A few weeks ago, on a sunny Saturday morning we all left our office of Cultural Immersion to make our way to the maybe most spectacular and most seen sight in South America – Machu Picchu.
After searching a local minibus for a while, we soon left Cusco and travelled to the stunning scenery of the Sacred Valley until we finally reached Urubamba. Another short ride with one of the motorcycle taxis, that make every journey an adventure, and we reached our first stop: the Muña restaurant. Already under time pressure, we enjoyed delicious food such as trout ceviche, different salads, a fantastic pumpkin soup and different other local specialties, all made from ingredients from the region. Forgetting the time over this wonderful lunch, we were already very late when leaving for Ollantaytambo. A very exciting taxi ride later, we arrived to the Ollantaytambo train station in a new time record and where the last passengerswere boarding the train to AguasCalientes. That’s actually only half the truth: my colleague Sofia and I boarded the Expedition train, while our Peruvian colleagues missed their local train and had to wait in Ollantaytambo for the next one, leaving in the evening. I don’t mean to imply anything about Peruvian time management at this point, just telling the story…
Upon arrival to Aguas Calientes, after marveling once again at the amazing landscape, slowly changing to a fascinating jungle world, we checked in at the Sumaq hotel, where we were warmly welcomed by the staff and greeted with a welcoming drink and snack. After relaxing a while and taking a delicious piece of cake during tea time, we headed towards the hot springs to relax for a while after the stress of nearly not catching our train. Located in a beautiful setting, we enjoyed the warm water, feeling how our stressed muscles healed and enjoying a very welcomed change from our all-day office routine.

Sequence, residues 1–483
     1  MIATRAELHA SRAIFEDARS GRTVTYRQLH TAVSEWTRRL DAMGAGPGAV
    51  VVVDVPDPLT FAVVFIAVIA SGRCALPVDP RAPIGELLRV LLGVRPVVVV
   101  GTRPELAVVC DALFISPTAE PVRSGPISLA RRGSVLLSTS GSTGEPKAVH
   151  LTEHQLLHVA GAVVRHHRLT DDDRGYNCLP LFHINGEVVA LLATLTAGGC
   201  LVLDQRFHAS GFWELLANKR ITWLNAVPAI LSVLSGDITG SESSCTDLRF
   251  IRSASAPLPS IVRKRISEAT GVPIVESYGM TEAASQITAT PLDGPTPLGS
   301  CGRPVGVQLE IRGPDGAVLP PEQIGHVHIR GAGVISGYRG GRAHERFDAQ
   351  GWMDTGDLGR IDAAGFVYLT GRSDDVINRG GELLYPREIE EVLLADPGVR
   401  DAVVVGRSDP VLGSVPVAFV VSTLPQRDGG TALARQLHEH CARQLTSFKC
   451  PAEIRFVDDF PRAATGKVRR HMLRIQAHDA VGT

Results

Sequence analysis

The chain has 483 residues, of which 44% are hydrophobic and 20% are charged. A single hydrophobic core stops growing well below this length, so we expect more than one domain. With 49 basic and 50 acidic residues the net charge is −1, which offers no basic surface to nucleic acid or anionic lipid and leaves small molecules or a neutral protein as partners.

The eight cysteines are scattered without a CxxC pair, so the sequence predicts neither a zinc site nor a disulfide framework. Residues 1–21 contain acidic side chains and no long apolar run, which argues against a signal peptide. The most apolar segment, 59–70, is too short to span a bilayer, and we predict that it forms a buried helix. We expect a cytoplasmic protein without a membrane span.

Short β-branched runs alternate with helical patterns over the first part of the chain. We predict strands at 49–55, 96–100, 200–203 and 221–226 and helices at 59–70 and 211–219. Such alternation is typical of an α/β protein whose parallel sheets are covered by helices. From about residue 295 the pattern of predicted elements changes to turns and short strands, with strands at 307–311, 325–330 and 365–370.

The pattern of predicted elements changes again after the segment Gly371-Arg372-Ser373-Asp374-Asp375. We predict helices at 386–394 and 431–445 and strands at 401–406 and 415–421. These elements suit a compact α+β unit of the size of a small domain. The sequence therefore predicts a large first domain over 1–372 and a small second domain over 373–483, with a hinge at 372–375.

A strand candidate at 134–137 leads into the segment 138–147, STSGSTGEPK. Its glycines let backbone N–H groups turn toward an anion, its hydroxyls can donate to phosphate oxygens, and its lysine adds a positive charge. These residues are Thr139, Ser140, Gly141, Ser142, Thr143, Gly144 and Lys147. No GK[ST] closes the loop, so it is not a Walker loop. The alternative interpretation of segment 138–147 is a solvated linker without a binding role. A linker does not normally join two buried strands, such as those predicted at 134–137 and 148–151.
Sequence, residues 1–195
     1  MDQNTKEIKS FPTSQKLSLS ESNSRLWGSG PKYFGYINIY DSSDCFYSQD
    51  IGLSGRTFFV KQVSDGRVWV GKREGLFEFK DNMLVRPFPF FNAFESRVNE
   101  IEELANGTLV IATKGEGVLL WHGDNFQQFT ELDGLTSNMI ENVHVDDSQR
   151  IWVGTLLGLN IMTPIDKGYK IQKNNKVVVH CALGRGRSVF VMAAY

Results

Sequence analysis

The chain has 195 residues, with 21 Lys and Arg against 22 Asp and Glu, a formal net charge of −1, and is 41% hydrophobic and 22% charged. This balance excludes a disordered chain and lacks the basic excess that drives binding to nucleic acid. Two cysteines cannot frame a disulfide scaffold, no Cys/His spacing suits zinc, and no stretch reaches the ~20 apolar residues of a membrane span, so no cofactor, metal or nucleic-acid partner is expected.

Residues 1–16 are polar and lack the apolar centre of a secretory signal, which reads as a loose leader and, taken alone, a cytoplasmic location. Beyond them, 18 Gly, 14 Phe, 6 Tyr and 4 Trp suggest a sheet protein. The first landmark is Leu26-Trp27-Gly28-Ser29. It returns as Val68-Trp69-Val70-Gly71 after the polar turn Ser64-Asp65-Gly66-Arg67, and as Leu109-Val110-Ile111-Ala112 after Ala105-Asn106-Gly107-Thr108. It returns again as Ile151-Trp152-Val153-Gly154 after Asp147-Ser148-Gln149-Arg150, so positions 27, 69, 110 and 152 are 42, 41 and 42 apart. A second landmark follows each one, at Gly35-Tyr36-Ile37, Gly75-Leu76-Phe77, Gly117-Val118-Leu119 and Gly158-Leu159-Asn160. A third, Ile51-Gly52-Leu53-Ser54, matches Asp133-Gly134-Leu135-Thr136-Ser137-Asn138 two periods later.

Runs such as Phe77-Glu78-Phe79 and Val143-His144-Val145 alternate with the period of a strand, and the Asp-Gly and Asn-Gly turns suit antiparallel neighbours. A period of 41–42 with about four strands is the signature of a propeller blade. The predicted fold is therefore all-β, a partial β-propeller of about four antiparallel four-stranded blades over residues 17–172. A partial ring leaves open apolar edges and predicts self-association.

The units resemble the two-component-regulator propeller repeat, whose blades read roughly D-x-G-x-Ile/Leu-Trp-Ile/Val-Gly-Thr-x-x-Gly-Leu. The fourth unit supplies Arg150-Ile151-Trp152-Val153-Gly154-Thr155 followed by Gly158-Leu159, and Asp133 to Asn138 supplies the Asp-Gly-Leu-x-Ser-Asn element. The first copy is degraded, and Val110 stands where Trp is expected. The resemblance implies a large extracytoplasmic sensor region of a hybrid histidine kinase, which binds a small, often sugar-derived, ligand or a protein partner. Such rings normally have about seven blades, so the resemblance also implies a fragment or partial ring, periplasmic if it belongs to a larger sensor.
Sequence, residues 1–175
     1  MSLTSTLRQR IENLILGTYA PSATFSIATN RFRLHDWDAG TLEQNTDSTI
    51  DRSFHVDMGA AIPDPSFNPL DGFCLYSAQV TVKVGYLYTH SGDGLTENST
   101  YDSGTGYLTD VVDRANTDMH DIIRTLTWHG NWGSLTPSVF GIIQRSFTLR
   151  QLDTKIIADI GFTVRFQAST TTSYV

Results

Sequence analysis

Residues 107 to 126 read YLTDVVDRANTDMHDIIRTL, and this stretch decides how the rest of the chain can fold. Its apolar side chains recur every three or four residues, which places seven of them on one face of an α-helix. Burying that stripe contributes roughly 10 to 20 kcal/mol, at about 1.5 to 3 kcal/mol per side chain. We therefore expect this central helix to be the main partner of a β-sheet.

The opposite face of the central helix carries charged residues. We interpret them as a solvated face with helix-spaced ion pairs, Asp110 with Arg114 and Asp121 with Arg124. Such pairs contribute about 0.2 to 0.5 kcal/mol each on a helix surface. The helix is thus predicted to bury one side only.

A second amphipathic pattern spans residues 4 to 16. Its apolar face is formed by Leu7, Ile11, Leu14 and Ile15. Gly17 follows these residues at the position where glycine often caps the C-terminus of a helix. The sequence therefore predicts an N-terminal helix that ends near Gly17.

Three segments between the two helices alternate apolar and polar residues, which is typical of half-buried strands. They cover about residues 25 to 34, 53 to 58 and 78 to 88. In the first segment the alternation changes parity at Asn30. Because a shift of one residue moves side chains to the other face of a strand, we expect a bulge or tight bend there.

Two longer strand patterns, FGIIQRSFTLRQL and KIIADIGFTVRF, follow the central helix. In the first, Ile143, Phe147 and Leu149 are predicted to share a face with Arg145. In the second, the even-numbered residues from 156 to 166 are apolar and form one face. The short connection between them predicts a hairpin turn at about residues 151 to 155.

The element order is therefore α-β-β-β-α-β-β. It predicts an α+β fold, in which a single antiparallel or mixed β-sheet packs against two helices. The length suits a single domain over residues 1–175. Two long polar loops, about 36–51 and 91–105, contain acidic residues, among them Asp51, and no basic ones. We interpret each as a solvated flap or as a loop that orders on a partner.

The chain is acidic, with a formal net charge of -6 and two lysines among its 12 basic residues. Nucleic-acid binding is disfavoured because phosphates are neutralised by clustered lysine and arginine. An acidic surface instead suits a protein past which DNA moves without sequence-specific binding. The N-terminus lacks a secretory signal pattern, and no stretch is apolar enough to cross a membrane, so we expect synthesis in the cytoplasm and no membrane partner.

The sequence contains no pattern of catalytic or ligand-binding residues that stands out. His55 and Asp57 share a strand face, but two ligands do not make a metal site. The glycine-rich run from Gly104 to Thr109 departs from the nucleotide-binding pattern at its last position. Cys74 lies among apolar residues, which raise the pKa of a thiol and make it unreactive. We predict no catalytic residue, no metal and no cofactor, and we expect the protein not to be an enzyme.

In the later evening, once reunited with our Peruvian colleagues who finally arrived to Aguas Calientes, we enjoyed a delicious dinner at the Indio Feliz Restaurant, which offered a fusion of French and Peruvian cuisine, and where we were warmly welcomed by the owner in a setting that makes you feel transported to a world of ships and sails.
After a short walk back to the hotel, everyone nearly immediately felt asleep, after this long and exciting day.
The next morning, we had a delicious breakfast at the Sumaq hotel, before everyone started their own way. While my colleagues, who had seen Machu Picchu several times, decided to climb the challenging Putukusi Mountain, I myself decided to revisit the Machu Picchu citadel. I took the bus up to the entrance and as soon as I walked up the first steps and reached the platform where all the famous photos are taken from, the breathtaking view of this truly majestic city overwhelmed me ones again:it was enwrapped by several heavy clouds, giving it the magnificent mystic look it is famous for. I decided not to walk down to the urban sector, but making my way up to the Inti Punku, also known as the Sun Gate, the old Incan Entrance to Machu Picchu. This way,a less busy part of Machu Picchu, offered me some beautiful flora along the way, as well as interesting conversations (did you ever heard you can do Geocaching at Machu Picchu?). Finally, the sky cleared up and I had the chance to get an amazing view from the Sun Gate down to the complex. After heading back down, I took a walk along the ruins, still impressed at what the ancient Incan civilization managed to build: such a well-planned city right in the Andean mountains, and I was still wondering how this was ever possible. Although already quite crowded (it is more advisable to visit Machu Picchu early in the morning or in the afternoon) I wandered around, between the houses, temples, storages, squares, terraces and all the magnificent places the site has to offer. After it started raining I made my way back to Aguas Calientes where my colleagues already awaited me for another delicious lunch.
After lunch we still had some time before taking the returning train and so we went to visit the botanical garden, which was supposed to show a variety of orchids. Indeed, we found the orchids, of which there was a great variety, but the botanical garden looked like no one had taken care of it for several years. So we took a quite adventurous walk through the thicket, always guided by a stray dog that seemed to take care of us all the time and that was never more than two meters in front or behind us.
Finally, after this exciting weekend, we boarded the train back to Ollantaytambo and arrived tired but happy back home.
By Hannah Fischer